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Where math becomes fun  Jul 27, 2018

This article is contributed by Aakrati Agarwal and Mythri S., who were participants at a science writing workshop conducted by Vigyan Prasar at IISER Pune during October 2017.

In 2015, the Mathematics Cosmetic Committee of Indian Institute of Science Education and Research (IISER) in Pune threw a challenge to mathematicians, artists and everyone in the campus—designing a mural. The designers were expected to include three elements in their art: artistic value, mathematical aspect, and spatial elements. The winning mural was to be offered the glory of occupying a wall in their new Mathematics Lounge.

The Mathematics Lounge is a large room, adorned with various props depicting mathematical models, and discoveries. The walls of this room are decorated with portraits of mathematicians, group photographs of the Mathematics members and graduate students, and other interesting paintings. This is a room where a unique culture of interaction between faculty and students is nurtured during frequent meetings. The lounge hosts informal discussions once a week over coffee and snacks and during Happiness hours of Fridays.

The lounge also sports the celebrated pi-clock designed by the Mathematics members of IISER Pune. This clock has integers replaced by functions of ‘pi’. For example, the number 3 is represented by pi as the value of pi is close to the integer 3. Pi is a favourite number among mathematicians.

The room décor is now made vibrant by the winning mural created by Vishrutha, Tanushree Shah, Devika Varma, Aswathi, Shreeya Behera and Tejas Kalelkar. The mural represents in one frame, images of legendary mathematicians who lived in different times. It is an artist’s vision of famous scientists engrossed in their work; a perfect setting for thinking minds.

Seen on the left is Srinivasa Ramanujan, reclining on a charcoal colored sofa. His thoughts trail upwards to a goddess figure, who he claimed to be Namagiri. She is dressed in a red and green sari, bedecked in gold and is seen holding a placard carrying the number 1729. The Ramanujan-Hardy Number 1729 has its roots in the famous conversation Ramanujan had with the British mathematician G.H. Hardy, as he lay sick in a London clinic. Mathematicians have now discovered the significance of this number: it is related to elliptic curves and K3 surfaces which are objects that play a key role in string theory and quantum physics.

On the floor is a young Carl Friedrich Gauss – depicting an incident from his school where he displayed his skills as a math prodigy. His school master’s math assignment to the class was solved swiftly by the young Gauss. This incident was the birth of the famous Gaussian equation counting sums of squares of the first n natural numbers which has wide applications in science. Matching the charcoal sofa is a table at the centre of the room in the mural. The stems of the table are decorated with the expansion the number pi, only stopping when it runs out of leg space.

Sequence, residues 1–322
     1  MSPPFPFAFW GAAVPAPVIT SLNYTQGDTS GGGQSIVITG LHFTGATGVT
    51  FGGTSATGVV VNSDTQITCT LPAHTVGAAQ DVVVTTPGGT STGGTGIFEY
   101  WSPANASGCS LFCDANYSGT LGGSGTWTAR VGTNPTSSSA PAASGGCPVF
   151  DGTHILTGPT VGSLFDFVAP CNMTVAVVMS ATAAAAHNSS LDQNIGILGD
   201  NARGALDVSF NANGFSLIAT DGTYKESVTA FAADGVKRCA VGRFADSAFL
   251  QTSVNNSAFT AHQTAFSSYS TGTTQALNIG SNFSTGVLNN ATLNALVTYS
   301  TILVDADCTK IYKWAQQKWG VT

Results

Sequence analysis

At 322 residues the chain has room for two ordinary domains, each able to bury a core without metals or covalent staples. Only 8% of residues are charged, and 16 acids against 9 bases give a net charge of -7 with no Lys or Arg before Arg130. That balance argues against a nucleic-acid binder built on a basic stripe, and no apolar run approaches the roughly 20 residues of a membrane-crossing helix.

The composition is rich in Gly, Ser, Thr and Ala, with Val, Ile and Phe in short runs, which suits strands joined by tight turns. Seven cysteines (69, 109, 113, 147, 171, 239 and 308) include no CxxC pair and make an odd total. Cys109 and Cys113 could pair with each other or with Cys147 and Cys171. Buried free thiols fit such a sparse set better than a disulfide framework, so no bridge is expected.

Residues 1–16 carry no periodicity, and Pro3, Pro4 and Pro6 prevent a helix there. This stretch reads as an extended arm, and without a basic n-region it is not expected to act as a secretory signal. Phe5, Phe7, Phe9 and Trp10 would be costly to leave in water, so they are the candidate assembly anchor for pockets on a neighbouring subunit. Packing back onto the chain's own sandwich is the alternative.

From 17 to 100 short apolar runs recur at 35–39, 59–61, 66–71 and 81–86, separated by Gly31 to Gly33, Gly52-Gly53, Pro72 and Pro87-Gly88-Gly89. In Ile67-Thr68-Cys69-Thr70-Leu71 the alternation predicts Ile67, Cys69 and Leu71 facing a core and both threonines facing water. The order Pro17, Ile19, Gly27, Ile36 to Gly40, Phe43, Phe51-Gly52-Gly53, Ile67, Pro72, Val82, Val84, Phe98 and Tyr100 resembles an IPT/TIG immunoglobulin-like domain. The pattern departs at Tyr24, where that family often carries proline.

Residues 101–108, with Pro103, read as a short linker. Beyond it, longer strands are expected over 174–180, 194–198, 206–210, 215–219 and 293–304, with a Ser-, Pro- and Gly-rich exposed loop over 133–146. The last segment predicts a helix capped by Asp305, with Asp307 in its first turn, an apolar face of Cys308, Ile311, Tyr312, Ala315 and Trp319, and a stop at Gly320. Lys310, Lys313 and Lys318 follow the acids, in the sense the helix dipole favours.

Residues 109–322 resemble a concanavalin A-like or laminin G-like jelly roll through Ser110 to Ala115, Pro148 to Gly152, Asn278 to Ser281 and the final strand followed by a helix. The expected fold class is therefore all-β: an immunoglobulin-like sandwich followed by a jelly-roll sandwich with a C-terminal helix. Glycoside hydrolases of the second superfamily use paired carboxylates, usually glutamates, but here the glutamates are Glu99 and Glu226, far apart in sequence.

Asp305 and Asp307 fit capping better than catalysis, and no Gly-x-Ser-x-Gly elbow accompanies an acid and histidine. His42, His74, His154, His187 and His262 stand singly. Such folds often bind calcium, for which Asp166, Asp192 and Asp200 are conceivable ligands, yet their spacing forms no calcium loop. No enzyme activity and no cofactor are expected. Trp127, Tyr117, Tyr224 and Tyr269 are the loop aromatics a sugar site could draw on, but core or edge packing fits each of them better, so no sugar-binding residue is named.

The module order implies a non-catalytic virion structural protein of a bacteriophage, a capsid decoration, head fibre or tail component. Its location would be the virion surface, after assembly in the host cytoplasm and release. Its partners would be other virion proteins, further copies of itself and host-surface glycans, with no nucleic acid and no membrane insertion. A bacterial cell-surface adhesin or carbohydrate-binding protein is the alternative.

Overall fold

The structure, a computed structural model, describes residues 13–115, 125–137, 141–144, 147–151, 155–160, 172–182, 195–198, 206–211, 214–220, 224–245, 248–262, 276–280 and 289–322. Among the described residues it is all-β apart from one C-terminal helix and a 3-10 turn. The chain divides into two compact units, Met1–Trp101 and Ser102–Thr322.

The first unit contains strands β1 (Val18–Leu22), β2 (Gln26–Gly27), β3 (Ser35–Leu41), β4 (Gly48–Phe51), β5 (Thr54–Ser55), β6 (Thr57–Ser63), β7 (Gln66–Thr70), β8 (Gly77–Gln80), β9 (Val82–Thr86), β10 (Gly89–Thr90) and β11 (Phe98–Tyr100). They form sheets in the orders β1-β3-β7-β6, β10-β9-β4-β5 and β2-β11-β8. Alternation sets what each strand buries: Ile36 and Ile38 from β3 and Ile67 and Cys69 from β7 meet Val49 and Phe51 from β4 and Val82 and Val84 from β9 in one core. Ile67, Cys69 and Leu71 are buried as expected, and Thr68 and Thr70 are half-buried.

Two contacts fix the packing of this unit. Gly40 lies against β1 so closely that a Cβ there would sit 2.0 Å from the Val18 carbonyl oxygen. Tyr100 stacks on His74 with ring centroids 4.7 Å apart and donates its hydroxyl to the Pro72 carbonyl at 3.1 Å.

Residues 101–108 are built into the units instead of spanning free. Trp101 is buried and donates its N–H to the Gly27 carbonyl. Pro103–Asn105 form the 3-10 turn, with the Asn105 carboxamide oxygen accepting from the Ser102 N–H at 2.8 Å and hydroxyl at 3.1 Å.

At the table are seated four math legends - John Forbes Nash Jr., mathematician from Princeton, thinking up the Nash Equilibrium Table; French mathematician Alexander Grothendieck famous for his contribution to modern algebraic geometry; Pierre de Fermat, the French lawyer and mathematician who produced the concepts of infinitesimal calculus; and Leonhard Euler, the Swiss polymath with cards showing trigonometric identities.

Behind them, on the wall, is a blue maze-like illustration of the Peano space-filling curve. Peano curves in geometry were first constructed by Giuseppe Peano and these curves occupy two dimensional spaces like squares and cubes. He presented the curve in the form of an ornamental tiling at his Turin home. Apart from mathematics, these curves find use in database indexing and radio-frequency electronics. The Hemachandra-Fibonacci number series, which was made popular by the Italian mathematician Leonardo Fibonacci is depicted on a tree, signifying the mystifying representation of this series in all natural forms. The sequence was published in Indian scriptures many decades ago but Fibonacci introduced the series to the western world in his book Liber Abaci. The numbers- 1, 1, 2, 3, 5 depicted on the tree represent the successive numbers in the series.

On the edge of the wall is a bright sunflower, with symmetric yellow petals, the florets replaced by monochromatic symmetric shapes. Henri Poincare, the French mathematician and philosopher, who formulated the Poincare Conjecture is seen approaching the charcoal table. He is depicted to be pouring tea from a Klein Bottle into a coffee mug which apparently is a donut (a Klein bottle is known to exist in a 4-dimensional space – it has no boundary, it has no orientation). Poincare was famous for his lateral thinking ability and was known for seeing connections between two seemingly distinct ideas. 

On the extreme end of the mural is a bookshelf piled with some of the foremost titles written by mathematicians. Atop the bookshelf hangs a purple clock with numbers replaced by functions of ‘e’ – adding to the bemusement the mural evokes. This e-clock is inspired by the celebrated pi-clock described above.

It is truly a remarkable mural.

Written by Aakrati Agarwal and Mythri S.; Edited by Anisa Chorwadwala; Photo by Mythri S.